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rich


Joined: 01 May 2008
Posts: 897
Location: Long Island NY USA
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Re: West Side Story....

One of my favorite dvds. I've been on the fence in buying the blu-ray so now knowing they "messed" that one up too doesn't sound too encouraging for me to get it.

And I have to say when I saw and heard the "mis-mastering" in the background of my head I had Chard (or Bromhead if you will) pleading to the masterers, "Come on, get it right, man!"... Wink

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Sheldon Hall


Joined: 01 Sep 2005
Posts: 377
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MGM also made a hash of one of the DVD releases of West Side Story by having the sound for one of the reels involving singing (!) out of synch with the picture. You may have the re-remastered version. On the Blu-ray, a fade to black has been inserted between the end of the overture, with its stylised graphics, and the start of the film proper - it ought to be a completely smooth transition, and though a "corrected" version has been issued it is still wrong. "Present: fire!"
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Stephen Coan


Joined: 01 Sep 2005
Posts: 40
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Greetings. From what has been written on this thread so far I take it the music is out of sync for the whole of Zulu on the blu ray version. Is that the case?

Slightly off topic (but Sheldon might know the answer) - what's happened to the reconstruction of John Wayne's The Alamo.
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Sheldon Hall


Joined: 01 Sep 2005
Posts: 377
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Hi Stephen,
I don't have the Blu-ray so can't say if it's "off" throughout - I just saw the opening minutes on TV. As for The Alamo - I'm none the wiser!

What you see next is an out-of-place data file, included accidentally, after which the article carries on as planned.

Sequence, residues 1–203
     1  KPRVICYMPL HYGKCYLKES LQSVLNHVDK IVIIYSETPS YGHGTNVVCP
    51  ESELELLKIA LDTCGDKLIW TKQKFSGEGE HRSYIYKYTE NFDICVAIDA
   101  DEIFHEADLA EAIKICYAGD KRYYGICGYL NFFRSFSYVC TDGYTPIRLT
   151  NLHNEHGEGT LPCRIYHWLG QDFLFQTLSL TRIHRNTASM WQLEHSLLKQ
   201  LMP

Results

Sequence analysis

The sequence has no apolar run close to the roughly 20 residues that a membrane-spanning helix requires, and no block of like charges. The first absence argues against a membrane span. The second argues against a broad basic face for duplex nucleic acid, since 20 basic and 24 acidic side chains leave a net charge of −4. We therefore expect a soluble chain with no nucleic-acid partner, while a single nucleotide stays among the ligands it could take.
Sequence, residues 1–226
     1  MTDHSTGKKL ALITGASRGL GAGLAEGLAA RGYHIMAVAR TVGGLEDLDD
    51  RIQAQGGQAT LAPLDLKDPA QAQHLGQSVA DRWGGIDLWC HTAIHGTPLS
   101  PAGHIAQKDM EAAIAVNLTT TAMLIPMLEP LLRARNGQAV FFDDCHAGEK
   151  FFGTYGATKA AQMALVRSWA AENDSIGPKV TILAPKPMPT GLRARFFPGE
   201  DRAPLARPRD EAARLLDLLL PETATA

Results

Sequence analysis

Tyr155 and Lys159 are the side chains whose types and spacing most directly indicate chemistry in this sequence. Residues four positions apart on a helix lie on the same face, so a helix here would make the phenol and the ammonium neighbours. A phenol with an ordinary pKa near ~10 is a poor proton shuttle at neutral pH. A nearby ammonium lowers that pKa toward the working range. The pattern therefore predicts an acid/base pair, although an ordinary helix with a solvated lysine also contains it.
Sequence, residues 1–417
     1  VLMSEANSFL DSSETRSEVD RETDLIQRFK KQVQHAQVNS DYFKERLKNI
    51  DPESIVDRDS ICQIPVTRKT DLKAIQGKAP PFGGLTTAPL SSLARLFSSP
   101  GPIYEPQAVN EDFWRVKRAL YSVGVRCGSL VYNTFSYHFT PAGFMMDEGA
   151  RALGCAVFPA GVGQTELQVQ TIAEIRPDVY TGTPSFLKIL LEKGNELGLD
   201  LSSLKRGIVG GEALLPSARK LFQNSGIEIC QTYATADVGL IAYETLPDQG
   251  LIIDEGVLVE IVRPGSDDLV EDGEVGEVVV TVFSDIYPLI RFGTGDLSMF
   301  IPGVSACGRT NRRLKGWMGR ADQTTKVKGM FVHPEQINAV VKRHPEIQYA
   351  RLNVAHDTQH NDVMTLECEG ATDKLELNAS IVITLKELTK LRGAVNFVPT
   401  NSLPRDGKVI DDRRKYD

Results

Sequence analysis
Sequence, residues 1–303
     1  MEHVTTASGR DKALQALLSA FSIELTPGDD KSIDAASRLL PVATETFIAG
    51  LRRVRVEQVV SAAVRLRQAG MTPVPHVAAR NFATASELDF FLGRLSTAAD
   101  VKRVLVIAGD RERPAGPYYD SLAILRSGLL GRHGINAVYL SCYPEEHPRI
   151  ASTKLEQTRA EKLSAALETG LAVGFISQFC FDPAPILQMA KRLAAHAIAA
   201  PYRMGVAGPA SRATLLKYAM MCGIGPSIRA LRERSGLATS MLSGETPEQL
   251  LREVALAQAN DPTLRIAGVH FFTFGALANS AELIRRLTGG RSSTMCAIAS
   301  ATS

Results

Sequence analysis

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Well, for anyone wishing to compare, 'Zulu' is on Film4 again today at 2.30p.m., if missed it first time round.

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Stephen Coan


Joined: 01 Sep 2005
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Thanks Sheldon. As I recall The Alamo reconstruction was supposed to be ready sometime last year but everything has gone quiet. Too quiet.
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Sheldon Hall


Joined: 01 Sep 2005
Posts: 377
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Thanks for the scheduling tipoff, Coll. I tuned in halfway through this time. I didn't notice any major sound anomalies*, but the colour balance was off. Except in the night scenes, the uniforms were more crimson than scarlet - much too pinkish. I checked this against the first Paramount DVD, which used a different transfer and which seems to me a more accurate representation of the film.

*Unless... I was eating a sandwich at the time, so my ears may have missed it, but did Bromhead's muttered "Of course" disappear when Chard tells him that the last of the water has gone to Surgeon Reynolds?
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Zulu in HD